Whether you’re a small business looking to hire help, or an entrepreneur seeking freelance work, there are plenty of resources to choose from. Sites like Fiverr are great for outsourcing on a budget, while a tool like LinkedIn ProFinder provides a marketplace for entrepreneurs in the gig economy.
In fact, according to LinkedIn, the gig economy currently makes up 35 percent of today’s workforce, something that entrepreneurs especially gravitate toward.
StartupNation talked with LinkedIn ProFinder senior product manager, Thogori Karago, to find out how entrepreneurs can take advantage of the gig economy, career coaching and more. The following conversation has been edited for clarity.
StartupNation: The number of freelancers on LinkedIn has grown by nearly 50 percent in just five years. What does this say about the current state of the gig economy and entrepreneurship?
Karago: Our data continues to evidence the rapid growth of the freelance economy. Not only has the number of freelancers on LinkedIn grown by nearly 50 percent in just five years, but, in that same time period, the number of professionals that freelance in addition to their full-time jobs has more than doubled.
Whether in a full-time or part-time capacity, the freelance career path has given professionals the opportunity to be their own boss, earn supplementary income and pursue work they’re passionate about.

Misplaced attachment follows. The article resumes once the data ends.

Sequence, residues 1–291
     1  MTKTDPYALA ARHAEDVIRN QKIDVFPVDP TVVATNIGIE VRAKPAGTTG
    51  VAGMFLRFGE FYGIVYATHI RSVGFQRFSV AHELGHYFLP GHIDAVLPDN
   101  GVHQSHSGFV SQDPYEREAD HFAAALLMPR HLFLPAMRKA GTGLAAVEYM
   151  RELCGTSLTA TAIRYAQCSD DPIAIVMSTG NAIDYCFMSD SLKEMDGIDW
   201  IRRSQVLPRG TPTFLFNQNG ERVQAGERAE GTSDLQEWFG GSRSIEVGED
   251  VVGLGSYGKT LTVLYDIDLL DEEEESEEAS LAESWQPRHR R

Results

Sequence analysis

With nearly half of our LinkedIn ProFinder professionals confirming they will never return to more traditional, full-time employment, it’s clear the gig economy is here to stay.
How can aspiring entrepreneurs break away from the corporate world and into the gig economy?
Our data shows millennials and Gen Z’ers are typically drawn to freelancing in a part-time capacity. Recent graduates are likely to look to freelancing as a way to build in-demand professional skills to make them more competitive candidates, create a personal brand by widening their exposure to different companies and people, make powerful connections, and secure some supplementary income as they enter the professional world.
Part-time freelancing is a great way for younger professionals to dip their toes into the entrepreneurial waters.
Gen X’ers and Baby Boomers, on the other hand, make up a substantial portion of the full-time freelance workforce. In fact, our data has shown a whopping 75 percent of our freelancers to be age 41 or older. These professionals are breaking away from the corporate world by leveraging their extensive professional networks to launch their solo careers and successfully land business leads.